• What do you think might be done? (All ideas welcome!)

Thursday, 25 April 2013

It is performance management Jim, but not as we know it

I have read two rather excellent pieces this morning about managing and improving performance in the public services.

First I came across this piece by Mike Ledwidge entitled "Why has it all gone wrong within our public services". It is a bit of a polemical rant containing some ideas that I would not support* but its main thrust that the public services have been failed dismally by politicians and managers who think performance can be managed by measuring outputs is well made. To cite one paragraph (but do read the whole article):
You CANNOT performance measure a ‘complex system’ by outputs. Now if you do not understand EXACTLY what that sentence means let us hope you are not involved in anything to do with the management of our public services. Sadly we now have thousands of senior public servants who think they do know what they are doing with targets and measurement, and clearly they don’t. Complex systems have more than one purpose. If you measure the police on arrests and detections, any prevention they do will muck that up. If you ‘performance measure’ on crime reduction, officers will find ways to not record crimes. The awful tale of the rape unit in Southwark trying to improve their stats is an example of the result of government pressure and targets. 
And then later, @TheCustodySgt pointed me towards an excellent piece by @SimonJGuilfoyle entitled "Panic!"  In his article, Simon uses his long experience of such matters to highlight how managers often lurch into action based on an erroneous understanding of performance variation. Again, please read the piece as it contains a delightful cartoon which makes the point very clearly:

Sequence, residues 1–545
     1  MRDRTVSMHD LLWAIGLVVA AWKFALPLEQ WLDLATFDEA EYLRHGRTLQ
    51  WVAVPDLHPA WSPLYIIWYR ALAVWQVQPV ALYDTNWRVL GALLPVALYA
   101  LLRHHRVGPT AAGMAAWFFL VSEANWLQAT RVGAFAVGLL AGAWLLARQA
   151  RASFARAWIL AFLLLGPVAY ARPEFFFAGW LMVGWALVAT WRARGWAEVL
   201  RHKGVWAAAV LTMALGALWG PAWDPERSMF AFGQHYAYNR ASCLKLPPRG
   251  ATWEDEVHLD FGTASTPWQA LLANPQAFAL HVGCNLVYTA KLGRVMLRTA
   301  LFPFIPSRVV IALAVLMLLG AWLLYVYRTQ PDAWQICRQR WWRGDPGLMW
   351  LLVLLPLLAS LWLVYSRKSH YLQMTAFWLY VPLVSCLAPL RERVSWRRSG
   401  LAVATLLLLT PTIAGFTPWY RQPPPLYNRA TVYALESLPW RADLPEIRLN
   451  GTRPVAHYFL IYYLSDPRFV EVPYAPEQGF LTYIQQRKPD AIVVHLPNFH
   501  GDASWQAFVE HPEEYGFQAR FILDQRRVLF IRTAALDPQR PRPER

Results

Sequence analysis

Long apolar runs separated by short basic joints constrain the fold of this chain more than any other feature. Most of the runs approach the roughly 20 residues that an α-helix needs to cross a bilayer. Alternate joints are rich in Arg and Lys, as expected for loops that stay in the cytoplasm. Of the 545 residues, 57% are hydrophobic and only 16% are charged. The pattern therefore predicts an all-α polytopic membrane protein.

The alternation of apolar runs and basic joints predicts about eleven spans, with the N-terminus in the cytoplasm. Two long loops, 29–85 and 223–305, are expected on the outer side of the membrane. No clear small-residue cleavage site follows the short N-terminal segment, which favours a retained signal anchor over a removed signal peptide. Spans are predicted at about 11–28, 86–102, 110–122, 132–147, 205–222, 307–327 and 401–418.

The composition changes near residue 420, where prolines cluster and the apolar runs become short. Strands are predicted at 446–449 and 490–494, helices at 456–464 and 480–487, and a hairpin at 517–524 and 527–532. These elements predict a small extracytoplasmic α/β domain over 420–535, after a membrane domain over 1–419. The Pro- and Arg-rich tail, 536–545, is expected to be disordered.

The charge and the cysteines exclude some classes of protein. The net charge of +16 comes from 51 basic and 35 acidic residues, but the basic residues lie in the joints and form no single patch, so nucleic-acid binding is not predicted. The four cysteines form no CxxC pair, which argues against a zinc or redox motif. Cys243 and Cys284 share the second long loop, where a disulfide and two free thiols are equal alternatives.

The post is about the unintended consequences that can occur when managers draw erroneous conclusions about data
As regular readers know, this is a subject I have mentioned before in several places. I wrote this recently on another blog which has many links.

So for the uninitiated politician and manager charged with the responsibility of improving public service performance and getting quarts out of pint pots... here are some pointers:
  • Achieving social outcomes (the improvements in society that we pay the public services to produce) is mighty complex: don't even think you can boil things to simple linear or transactional 'customer' relationships!
  • Everything varies: the weather, leaves in the forest, need for social care and disturbances on drunk Saturday nights...
  • But, there are patterns in these variations which need to and can be understood (well mostly): public services need to be resourced and organised around these variations
  • Measurements & targets change that which they are measuring and targeting (and not just in the way that a watched pot never boils!)
  • As Deming famously said "drive out fear": if your system of performance management contains even a wisp of fear, people will do weird and unexpected things that are not what you intended
I could go on...

But please, just read some work by DemingChecklandOhno or Seddon. And please (please!) stop wasting precious public resources on fluffy, vanity systems of performance management that are mostly "sound and fury signifying nothing!"

e.g. the comment "At one stage we were 20,000 teachers short, and some have been replaced by people who, like some doctors, are not easy to understand" which is an unnecessary xenophobic swipe, it seems to me